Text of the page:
as I said when you flip it over you can

see that the bars are indeed made of

metal and an interesting little detail I

wanted to touch on is the fact that the

maker of this glockenspiel actually kind

of scraped away at the bottom of the

bars to fine tune the pitch and to make

it very make the pitch very precise and

I imagine that's why they did it

muster does this on their instrument and

this manufacturer did it on this little

xylophone as well I mean this little

glockenspiel as well and as you can see

that is what was done there so now I

just mentioned the xylophone there by

mistake but now let's go take a look at

the xylophone which in many ways is very

similar to the glockenspiel and in fact

many people confuse them I used the

wrong term there but many people

actually can

use the xylophone with the glockenspiel

for a number of different reasons a they

are very very similar indeed but also

I've heard that many children's toys

which are in fact glockenspiels because

they have metal bars were marketed as

xylophones back in the day and probably

until today so that is another reason

why there's extra lot of confusion

between the glockenspiel and the

xylophone so now let's go check out in

the xylophone so this little instrument

right here is a xylophone and this was

made by Jenko there is a Jenko logo

right up here and I've actually already

done a video on it where I played this

instrument along with one of my loops I

was working on and today I wanted to

include it with the rest of these

instruments to show you why it is

different now as you can see here we do

not have metal bars in fact we have wood

bars these are rosewood bars and they

have a very very nice sound to them

indeed and but you can probably tell

them that the sound does not resonate

very long when I hit the bars the lowest

notes have a little bit of sustain to

them but in fact the notes do not

resonate very long and that is what

separates the xylophone

apart from instruments such as the

marimba because they both have wooden

keys but the lack of sustain and the

very small range of the xylophone is one

reason that sets it apart from the

rememba the other reason that a

xylophone is different from a rumba is

the way it's plagued typically

xylophones are played with only two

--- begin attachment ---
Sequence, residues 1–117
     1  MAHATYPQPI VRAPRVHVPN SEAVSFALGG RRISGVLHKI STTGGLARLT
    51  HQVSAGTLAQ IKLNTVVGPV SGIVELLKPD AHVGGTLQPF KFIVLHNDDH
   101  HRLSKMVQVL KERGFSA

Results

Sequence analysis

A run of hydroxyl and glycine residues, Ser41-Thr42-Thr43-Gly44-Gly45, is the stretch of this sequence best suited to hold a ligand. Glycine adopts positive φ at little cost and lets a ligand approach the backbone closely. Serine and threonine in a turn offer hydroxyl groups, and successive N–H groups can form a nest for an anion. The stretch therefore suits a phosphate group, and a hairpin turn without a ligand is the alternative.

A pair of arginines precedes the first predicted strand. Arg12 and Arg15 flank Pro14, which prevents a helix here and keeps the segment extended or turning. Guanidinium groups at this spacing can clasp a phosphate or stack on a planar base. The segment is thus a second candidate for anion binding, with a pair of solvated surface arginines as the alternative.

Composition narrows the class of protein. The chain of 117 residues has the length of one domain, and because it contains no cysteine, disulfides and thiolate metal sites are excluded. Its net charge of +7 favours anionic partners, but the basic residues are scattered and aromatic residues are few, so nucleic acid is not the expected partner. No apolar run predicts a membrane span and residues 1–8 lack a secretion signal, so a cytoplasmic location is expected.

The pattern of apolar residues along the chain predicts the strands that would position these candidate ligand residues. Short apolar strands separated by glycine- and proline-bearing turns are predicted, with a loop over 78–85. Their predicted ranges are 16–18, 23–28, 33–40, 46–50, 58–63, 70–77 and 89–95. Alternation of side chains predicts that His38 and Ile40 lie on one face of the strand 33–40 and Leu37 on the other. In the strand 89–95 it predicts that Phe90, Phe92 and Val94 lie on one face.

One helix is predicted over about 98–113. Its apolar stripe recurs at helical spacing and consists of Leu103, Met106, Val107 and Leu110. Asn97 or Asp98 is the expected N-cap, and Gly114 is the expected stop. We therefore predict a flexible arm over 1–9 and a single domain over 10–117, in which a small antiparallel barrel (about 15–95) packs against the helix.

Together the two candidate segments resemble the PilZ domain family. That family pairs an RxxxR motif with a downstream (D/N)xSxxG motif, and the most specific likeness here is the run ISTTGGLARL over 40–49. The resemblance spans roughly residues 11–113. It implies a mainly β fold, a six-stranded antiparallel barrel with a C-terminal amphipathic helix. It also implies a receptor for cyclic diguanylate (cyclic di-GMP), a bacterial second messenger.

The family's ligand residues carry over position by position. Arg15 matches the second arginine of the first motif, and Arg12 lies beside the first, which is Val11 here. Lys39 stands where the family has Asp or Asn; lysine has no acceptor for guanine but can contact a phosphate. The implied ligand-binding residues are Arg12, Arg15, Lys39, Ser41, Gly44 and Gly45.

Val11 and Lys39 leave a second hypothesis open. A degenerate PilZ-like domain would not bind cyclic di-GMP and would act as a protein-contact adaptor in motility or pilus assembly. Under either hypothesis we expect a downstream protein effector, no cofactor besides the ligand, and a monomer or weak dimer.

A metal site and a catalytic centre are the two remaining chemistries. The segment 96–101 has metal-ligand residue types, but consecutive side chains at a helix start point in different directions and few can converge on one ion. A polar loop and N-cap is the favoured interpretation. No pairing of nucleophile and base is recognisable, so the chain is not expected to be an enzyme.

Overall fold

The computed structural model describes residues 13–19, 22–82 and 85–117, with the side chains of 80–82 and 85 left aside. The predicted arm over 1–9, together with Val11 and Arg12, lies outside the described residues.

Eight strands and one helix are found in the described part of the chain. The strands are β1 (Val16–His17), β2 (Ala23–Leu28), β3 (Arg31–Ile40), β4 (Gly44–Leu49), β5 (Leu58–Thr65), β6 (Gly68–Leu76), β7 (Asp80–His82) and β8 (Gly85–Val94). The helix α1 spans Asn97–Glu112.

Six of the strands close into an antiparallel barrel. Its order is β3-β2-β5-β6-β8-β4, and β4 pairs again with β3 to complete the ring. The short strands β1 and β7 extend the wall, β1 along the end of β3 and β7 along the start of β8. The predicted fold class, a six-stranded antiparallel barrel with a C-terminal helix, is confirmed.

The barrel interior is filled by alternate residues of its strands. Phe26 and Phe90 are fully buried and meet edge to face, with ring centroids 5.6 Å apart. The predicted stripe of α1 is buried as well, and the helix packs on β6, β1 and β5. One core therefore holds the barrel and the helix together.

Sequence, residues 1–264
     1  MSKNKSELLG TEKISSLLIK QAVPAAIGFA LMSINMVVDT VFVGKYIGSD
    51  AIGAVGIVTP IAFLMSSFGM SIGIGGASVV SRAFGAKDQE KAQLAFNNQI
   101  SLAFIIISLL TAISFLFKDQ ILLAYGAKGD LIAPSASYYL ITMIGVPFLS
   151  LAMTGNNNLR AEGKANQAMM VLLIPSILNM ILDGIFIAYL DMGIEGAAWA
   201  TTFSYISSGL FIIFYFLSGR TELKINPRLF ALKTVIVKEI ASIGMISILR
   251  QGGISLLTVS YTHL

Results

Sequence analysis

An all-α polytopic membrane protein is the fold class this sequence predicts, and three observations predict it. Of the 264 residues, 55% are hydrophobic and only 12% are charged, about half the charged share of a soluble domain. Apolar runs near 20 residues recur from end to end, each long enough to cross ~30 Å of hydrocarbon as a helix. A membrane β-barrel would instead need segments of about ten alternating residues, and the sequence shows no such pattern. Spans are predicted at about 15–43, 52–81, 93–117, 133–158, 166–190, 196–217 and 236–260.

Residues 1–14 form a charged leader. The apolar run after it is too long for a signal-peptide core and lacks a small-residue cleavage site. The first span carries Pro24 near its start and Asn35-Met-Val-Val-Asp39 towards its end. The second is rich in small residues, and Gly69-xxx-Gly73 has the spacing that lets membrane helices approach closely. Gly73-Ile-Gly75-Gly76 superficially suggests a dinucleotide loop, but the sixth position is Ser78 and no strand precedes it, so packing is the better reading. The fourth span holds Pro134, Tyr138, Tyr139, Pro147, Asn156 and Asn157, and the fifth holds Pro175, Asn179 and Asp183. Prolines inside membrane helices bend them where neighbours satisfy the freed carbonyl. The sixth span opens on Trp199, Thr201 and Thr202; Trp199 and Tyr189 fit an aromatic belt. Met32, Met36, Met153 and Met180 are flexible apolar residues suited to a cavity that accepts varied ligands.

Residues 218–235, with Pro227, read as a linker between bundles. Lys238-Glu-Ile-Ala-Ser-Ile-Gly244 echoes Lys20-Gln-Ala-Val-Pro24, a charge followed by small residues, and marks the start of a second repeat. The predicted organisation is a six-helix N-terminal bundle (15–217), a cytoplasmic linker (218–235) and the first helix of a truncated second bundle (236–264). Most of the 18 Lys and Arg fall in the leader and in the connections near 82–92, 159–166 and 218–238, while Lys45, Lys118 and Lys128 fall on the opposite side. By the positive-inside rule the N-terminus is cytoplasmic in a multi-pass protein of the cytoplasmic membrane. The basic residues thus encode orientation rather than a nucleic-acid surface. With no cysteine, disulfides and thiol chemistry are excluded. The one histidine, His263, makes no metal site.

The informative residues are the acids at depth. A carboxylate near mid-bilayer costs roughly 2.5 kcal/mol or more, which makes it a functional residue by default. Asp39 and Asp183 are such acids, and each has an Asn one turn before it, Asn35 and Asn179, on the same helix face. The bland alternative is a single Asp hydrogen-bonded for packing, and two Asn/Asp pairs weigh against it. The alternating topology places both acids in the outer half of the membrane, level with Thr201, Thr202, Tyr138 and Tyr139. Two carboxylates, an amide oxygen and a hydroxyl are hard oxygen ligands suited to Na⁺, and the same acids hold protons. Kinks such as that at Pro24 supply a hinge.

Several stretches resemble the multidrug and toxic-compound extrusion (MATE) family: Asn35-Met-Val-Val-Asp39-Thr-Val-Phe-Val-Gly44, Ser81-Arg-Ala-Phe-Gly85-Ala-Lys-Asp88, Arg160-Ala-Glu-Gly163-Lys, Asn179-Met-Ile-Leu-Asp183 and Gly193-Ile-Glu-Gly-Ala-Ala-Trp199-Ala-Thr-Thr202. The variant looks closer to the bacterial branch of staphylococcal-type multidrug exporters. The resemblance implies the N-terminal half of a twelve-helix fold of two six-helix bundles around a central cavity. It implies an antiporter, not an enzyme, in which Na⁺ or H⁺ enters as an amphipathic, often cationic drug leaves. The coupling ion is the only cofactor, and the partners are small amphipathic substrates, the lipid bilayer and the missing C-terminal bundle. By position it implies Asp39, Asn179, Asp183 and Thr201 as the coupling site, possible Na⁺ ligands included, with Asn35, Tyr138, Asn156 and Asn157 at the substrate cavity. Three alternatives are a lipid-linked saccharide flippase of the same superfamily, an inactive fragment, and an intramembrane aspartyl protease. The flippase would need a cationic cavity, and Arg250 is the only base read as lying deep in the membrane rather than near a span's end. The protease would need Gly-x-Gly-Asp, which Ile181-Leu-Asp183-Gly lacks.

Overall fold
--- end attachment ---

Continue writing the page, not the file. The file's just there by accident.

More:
mallets like I have here sometimes

people will use four but typically a

xylophone czar only played with two and

also typically people use very hard

mallets such as plastic and sometimes

even metal which I don't advise because

you can dent the you can dent the bars

which is not very good but sometimes

people will use metal but typically

plastic mallets or you sometimes wooden

ones as well

now the reason similar to the

glockenspiel why harder mallets are used

on an instrument like this is because it

would be part of an orchestra and again

you'd have brass in terms you'd have

string instruments you'd have a piano in

there and the xylophone would have to

cut through all of that and be able to

be heard so that's why you'd use really

really hard mallets these are the

hardest yarn mallets that I have and

maybe sometime I'll pick up some plastic

ones or something but the wooden or

plastic mallets have a really bright

sound kind of the glockenspiel and by

itself it's not the greatest thing to

listen to so yarn mallets like this are

very very pleasing

another thing that makes these Iliff on

a lot different from an instrument such

as the marimba while there are different

sizes of both cell phones and marimbas

generally xylophone are much smaller

than marimbas this engine right here

weighs 35 pounds the marimba back there

weighs 350 so this particular marimba

tways 10 times the amount of this

particular xylophone which i think is

kind of funny another thing that's kind

of interesting about this particular

xylophone is that in fact it can fold up

and on my side here there's actually a

little carrying handle so you can fold

up the legs pick it up by the handle and

just walk around with it and one thing

one other thing that separates the

xylophone from the Rumba is generally